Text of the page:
With drought conditions at last being officially acknowledged over most of lowland England, a return to more typical April weather was welcome. Even, so, with significant rainfall on only 11 days and none of the “torrential showers” widely forecast, the much depleted sand-
Persistent north and north-
In recent years, the large flocks of Little Gulls that used to appear in mid-
The Wildfowl & Wetlands Trust’s Martin Mere also provided great bird-
Despite the cool weather, several insects appeared during the month, amongst the earliest being Vernal Mining Bees swarming around their nest holes at Hightown dunes on 1st. Also there were two Peacock butterflies and a Red Admiral fresh out of hibernation. By 12th, Speckled Woods were nectaring on Dandelions at Freshfield Dune Heath, while on 15th a male Orange Tip visited my garden for the first time.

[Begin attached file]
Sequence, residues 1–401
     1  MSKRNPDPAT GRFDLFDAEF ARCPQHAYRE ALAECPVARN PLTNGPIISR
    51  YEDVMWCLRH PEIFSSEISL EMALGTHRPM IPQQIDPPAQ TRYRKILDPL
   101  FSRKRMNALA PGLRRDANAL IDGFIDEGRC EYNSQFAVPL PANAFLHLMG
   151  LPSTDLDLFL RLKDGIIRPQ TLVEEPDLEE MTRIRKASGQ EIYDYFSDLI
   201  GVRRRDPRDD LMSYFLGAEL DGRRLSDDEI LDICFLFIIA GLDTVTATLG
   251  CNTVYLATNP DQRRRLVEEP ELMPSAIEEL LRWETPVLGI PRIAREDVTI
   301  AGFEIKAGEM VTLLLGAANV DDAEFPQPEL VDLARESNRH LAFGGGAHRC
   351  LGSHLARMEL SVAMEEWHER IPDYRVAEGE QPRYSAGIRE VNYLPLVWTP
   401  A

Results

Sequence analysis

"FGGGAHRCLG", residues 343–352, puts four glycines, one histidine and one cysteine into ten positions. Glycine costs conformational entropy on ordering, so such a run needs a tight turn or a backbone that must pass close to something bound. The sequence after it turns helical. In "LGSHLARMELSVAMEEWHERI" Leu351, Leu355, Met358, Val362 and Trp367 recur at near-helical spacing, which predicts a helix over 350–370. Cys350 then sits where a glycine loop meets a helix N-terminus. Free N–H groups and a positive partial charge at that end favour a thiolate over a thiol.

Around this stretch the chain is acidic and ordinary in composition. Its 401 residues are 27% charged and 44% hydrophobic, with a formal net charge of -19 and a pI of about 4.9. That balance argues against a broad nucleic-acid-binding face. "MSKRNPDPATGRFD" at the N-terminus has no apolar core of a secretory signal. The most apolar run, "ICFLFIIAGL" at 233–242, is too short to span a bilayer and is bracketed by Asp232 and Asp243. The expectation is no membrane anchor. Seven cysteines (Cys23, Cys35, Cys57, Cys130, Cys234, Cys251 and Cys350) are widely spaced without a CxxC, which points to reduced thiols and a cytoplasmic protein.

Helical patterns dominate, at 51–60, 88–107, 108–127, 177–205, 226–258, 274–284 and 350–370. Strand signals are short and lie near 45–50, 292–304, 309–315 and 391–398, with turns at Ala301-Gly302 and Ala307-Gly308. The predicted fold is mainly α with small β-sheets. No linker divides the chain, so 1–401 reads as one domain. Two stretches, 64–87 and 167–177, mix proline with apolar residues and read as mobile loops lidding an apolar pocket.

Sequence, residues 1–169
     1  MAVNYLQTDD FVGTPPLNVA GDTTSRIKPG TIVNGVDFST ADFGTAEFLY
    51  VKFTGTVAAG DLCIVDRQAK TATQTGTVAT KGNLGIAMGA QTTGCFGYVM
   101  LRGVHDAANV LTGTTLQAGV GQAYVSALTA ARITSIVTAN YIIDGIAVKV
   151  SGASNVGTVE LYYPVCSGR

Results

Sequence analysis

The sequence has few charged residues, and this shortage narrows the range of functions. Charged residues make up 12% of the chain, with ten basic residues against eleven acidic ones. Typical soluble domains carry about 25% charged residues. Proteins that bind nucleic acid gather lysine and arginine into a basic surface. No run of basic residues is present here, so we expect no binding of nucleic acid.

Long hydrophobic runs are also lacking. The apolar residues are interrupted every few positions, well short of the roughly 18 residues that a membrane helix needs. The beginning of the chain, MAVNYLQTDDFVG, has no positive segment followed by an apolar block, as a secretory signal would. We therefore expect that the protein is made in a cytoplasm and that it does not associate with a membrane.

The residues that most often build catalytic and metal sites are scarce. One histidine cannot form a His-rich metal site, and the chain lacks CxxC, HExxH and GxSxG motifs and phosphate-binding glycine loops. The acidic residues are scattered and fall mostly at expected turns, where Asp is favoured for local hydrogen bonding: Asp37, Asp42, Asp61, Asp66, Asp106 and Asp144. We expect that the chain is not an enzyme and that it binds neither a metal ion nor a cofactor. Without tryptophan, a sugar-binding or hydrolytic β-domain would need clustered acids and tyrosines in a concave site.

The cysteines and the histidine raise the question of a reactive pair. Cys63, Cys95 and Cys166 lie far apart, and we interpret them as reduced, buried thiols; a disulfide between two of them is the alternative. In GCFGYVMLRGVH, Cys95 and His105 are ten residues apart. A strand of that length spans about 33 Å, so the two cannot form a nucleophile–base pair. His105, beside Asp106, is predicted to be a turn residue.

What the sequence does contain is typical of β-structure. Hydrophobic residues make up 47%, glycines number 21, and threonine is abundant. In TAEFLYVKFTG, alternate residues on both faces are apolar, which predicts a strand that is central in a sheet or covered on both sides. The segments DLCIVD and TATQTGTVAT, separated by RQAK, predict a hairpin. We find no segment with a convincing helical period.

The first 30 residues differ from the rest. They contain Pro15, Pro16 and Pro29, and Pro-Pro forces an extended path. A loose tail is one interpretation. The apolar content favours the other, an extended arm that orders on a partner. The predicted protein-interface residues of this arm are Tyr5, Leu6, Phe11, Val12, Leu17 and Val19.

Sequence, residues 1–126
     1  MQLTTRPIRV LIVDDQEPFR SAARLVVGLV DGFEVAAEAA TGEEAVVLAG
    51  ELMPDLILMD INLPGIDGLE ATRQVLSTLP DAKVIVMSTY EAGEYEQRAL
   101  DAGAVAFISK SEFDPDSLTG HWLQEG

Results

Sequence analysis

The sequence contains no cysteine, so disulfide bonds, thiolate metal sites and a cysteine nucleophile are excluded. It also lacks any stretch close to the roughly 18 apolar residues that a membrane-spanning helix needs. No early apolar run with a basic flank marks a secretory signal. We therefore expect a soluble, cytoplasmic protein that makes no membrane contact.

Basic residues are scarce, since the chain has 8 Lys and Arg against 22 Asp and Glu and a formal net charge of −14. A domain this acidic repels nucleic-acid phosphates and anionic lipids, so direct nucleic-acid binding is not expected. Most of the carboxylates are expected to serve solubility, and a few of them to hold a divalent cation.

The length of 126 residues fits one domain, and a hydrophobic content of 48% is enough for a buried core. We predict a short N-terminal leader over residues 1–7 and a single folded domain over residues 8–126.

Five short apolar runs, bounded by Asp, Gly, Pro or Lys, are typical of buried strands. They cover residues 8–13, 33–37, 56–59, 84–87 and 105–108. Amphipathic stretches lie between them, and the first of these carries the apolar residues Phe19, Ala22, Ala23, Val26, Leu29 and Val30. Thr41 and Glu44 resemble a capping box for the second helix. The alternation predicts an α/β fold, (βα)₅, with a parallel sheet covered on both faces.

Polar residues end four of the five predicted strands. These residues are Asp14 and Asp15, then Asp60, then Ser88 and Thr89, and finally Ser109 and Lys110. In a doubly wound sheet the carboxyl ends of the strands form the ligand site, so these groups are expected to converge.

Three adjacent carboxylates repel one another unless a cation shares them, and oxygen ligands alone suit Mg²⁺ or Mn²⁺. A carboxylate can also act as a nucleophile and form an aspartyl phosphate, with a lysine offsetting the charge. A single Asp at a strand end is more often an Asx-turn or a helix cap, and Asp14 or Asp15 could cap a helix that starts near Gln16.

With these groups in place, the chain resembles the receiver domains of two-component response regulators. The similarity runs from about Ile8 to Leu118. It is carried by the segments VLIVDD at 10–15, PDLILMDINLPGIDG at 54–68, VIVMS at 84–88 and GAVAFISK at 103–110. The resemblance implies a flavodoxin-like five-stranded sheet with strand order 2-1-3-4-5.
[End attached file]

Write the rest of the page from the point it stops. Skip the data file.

Being at Ainsdale on 21st, I decided to have a quick look round Pinfold Pond and was rewarded by finding ten Slender Ground-
Botanical highlights of the month included a new colony of Shepherd’s-
Record numbers of Sandwich Terns were an additional attraction, around 260 being present that afternoon. By the end of the month, the Little Gulls had increased to a spectacular 150. Seaforth also reported its first Common Tern on 13th a Swift on 27th, rather later than usual, and a Spoonbill on 28th.